Make it more widely used 30%
Fine as is 41%
Should be limited 22%

 

Q21. There are some countries that have a system where, in exchange for providing information that leads to the arrest of the mastermind of a crime, the criminal is let off. Do you feel resistance to the introduction of such a “plea-bargaining system” in Japan or not?

Feel resistance 57%
Do not feel resistance 31%

 

Q22. Next follow several questions on the criminal trials for suspected criminals.
How much faith do you have in today’s criminal trials?

Great faith 6%
Some faith 68%
Not much faith 21%
No faith at all 1%

 

Q23. Do you think that criminal trials should unravel a case in its entirety, including the detailed particulars, even if this takes time?  Or do you think that in order to proceed quickly, only the key parts of a case need to be treated?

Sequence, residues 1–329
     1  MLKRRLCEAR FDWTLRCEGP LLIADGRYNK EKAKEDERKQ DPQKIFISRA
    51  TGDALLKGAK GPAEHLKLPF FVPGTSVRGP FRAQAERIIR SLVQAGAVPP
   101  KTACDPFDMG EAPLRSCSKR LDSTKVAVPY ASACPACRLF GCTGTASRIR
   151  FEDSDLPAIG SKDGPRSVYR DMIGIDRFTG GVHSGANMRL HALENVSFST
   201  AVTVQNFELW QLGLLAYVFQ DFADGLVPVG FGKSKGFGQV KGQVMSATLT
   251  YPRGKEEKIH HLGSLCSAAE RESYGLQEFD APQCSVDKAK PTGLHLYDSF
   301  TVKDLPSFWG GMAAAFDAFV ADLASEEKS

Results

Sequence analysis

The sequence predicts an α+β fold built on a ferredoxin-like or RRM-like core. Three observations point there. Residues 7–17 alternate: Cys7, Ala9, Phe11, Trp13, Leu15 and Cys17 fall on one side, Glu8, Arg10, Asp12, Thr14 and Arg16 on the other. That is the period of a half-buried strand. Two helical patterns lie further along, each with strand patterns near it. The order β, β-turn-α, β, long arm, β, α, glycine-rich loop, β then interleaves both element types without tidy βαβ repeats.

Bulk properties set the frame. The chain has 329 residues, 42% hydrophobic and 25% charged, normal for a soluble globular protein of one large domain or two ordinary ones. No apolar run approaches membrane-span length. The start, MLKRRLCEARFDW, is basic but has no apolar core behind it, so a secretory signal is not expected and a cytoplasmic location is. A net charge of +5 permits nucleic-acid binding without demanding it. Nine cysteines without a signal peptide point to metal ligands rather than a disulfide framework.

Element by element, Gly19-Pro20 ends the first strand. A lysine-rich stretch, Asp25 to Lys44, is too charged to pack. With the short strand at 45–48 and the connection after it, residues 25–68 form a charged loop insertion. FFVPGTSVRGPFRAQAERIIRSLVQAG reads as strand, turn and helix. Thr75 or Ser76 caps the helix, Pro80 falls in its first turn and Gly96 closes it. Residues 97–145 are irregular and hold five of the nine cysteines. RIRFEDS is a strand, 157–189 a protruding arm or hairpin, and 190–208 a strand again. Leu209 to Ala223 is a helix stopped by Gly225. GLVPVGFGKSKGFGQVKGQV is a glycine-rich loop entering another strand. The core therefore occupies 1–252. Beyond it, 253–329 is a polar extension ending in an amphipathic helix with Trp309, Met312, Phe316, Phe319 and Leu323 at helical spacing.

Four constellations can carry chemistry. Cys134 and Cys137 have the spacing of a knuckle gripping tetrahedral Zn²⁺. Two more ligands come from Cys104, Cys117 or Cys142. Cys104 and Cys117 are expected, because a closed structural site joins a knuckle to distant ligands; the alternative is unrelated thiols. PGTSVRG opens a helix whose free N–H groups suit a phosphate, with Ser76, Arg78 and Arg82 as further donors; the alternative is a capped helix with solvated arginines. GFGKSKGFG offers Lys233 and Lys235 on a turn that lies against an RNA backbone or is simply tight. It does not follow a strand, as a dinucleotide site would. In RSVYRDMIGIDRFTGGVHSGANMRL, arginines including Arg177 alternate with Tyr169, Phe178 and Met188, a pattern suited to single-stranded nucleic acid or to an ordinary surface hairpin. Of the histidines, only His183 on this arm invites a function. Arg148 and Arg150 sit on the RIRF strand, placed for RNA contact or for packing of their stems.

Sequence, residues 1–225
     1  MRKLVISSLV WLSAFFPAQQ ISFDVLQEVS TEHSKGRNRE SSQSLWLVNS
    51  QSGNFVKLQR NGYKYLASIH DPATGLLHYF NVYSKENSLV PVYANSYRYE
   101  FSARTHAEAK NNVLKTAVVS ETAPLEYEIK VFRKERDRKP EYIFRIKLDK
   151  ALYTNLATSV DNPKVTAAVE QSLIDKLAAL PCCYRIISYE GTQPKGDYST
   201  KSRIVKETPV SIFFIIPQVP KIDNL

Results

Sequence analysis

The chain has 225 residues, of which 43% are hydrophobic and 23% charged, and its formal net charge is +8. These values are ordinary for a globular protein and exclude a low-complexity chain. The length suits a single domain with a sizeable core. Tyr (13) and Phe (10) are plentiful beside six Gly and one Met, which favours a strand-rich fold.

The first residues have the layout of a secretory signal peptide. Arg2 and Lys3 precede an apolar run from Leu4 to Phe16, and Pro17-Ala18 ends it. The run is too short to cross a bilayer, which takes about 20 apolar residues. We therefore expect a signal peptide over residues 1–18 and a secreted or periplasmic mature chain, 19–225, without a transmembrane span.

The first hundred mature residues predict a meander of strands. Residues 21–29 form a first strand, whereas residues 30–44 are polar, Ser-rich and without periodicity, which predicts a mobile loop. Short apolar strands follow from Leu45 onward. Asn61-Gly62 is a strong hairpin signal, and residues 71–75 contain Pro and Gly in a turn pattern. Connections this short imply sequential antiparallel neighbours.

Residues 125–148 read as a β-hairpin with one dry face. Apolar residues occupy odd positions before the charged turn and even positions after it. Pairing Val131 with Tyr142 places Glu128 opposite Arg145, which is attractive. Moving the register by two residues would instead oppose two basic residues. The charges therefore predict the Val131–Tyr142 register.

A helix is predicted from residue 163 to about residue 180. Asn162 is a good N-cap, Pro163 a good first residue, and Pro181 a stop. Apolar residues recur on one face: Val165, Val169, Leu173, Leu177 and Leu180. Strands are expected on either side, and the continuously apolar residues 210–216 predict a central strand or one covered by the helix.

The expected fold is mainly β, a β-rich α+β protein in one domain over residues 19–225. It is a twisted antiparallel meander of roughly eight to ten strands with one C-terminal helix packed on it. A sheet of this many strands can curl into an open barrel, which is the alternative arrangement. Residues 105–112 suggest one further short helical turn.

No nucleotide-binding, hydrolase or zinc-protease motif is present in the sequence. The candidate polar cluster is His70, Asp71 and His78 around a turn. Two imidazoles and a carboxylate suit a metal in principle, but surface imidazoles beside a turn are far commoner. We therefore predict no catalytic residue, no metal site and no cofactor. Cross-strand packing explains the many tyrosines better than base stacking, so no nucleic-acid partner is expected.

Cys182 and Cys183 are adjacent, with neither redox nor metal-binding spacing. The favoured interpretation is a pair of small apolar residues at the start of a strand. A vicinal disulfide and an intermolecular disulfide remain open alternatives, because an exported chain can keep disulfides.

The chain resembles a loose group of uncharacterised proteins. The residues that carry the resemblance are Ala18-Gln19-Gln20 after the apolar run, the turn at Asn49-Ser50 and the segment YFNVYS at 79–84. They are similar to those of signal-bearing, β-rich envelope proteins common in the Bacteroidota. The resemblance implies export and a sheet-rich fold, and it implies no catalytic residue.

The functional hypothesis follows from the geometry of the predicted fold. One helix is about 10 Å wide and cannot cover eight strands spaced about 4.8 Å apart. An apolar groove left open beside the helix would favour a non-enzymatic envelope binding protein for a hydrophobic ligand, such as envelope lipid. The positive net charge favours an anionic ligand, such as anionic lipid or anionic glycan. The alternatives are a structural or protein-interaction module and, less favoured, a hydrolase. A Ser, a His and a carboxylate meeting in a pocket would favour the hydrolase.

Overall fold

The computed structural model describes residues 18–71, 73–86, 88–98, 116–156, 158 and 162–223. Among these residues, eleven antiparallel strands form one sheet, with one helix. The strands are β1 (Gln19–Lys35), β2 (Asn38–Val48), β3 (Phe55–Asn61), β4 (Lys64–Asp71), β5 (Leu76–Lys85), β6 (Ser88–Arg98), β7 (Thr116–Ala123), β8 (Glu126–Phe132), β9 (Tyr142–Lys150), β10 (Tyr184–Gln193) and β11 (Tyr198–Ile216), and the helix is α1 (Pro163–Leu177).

The case should be unraveled in its entirety 62%
Only the key parts of a case need to be treated 29%

 

Q24. In the court decisions of recent criminal trials, have you ever had doubts about the severity of punishment, etc.?

Often 33%
Sometimes 51%
Not often 10%
Not at all 3%

 

Q25. Overall, do you feel that punishment in Japan is severe, appropriate, or light?

Severe 1%
Appropriate 30%
Light 59%

 

Q26. If punishment in Japan were to be made more severe, do you think crime would decrease or not?

Would decrease 44%
Would not decrease 50%

 

Q27. There are two aspects to punishing crime: “punishment,” where the criminal atones for the crime, and “rehabilitation,” which reforms the criminal.  When punishing a criminal, which aspect do you think should be emphasized, “punishment” or “rehabilitation”?

Punishment 37%
Rehabilitation 50%

 

Q28. Next you will be asked several questions about the citizen judge system.